A new study found that high smartphone usage could affect one's sperm count.
The study, which was published in the peer-reviewed journal Fertility and Sterility, showed that 18- to 22-year-old men who used their mobile phones over 20 times a day had a 21% higher risk for a low overall sperm count. It also found that men who used their phones that much had a 30% higher risk for a low sperm concentration.
Men who used their phones five times a day at most or less than once a week, meanwhile, had much higher sperm counts and concentration.
The study didn’t specify whether the phones were used for calling, texting, or both.
Researchers from the University of Geneva and the Swiss Tropical and Public Health Institute recruited a total of 2,886 participants from military conscription centers between 2005 and 2018. The men were asked to track their phone usage, as well as monitor their lifestyle and general health.
They also found that the link between sperm count and phone use was the greatest between 2005 and 2007. It weakened over time with the transition from 2G to 3G, then eventually to 4G networks.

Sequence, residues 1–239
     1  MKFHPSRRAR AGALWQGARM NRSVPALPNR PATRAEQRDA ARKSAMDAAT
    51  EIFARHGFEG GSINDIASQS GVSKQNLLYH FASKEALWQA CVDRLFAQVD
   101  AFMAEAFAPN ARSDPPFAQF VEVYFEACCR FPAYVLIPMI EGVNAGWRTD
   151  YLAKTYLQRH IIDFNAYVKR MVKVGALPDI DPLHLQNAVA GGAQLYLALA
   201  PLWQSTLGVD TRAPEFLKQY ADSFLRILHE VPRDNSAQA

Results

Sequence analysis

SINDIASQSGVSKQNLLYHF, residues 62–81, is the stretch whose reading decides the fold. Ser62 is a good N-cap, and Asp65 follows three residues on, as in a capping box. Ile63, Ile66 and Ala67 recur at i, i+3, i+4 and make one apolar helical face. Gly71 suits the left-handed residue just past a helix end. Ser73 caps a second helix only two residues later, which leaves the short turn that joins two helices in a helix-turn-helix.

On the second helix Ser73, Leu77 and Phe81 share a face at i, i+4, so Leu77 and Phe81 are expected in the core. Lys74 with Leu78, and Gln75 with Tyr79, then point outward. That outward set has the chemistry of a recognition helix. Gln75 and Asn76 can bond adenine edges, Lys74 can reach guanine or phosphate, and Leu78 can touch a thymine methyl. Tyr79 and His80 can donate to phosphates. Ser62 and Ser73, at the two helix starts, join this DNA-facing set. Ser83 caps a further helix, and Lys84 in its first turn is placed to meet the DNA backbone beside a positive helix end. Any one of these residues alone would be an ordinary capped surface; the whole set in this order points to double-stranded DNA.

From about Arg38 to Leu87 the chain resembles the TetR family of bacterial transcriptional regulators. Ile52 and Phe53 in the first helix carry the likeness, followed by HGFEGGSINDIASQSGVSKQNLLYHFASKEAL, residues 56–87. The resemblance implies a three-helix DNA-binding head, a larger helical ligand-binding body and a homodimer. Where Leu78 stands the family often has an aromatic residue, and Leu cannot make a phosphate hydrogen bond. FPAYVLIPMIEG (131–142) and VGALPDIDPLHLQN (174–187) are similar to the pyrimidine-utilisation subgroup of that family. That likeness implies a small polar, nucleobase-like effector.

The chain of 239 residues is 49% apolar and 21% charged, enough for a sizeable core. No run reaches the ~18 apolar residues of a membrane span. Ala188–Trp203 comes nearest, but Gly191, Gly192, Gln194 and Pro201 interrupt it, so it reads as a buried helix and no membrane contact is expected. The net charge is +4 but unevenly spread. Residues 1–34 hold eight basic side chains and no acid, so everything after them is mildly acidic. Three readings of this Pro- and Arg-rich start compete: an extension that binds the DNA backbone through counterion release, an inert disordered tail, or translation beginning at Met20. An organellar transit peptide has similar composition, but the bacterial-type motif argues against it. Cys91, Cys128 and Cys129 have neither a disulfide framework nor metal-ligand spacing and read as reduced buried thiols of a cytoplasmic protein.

It was believed that sending and receiving phone signals, which could cause heating, might impact sperm quality. More modern networks already use less power to transmit signals.
The study also suggested that where phones are being kept—like trouser pockets, belt carriers, or jacket pockets—doesn’t affect sperm count or concentration.
Researchers noted the study was observational, meaning it cannot definitely point to phone usage as a cause for lower sperm count alone.
They noted that male sperm count has fallen by over 50% worldwide in the last 50 years. Potential causes include pollution, alcohol, drugs, increasing temperatures due to global warming, stress, poor diet, sedentary lifestyle, and exposure to chemicals like pesticides.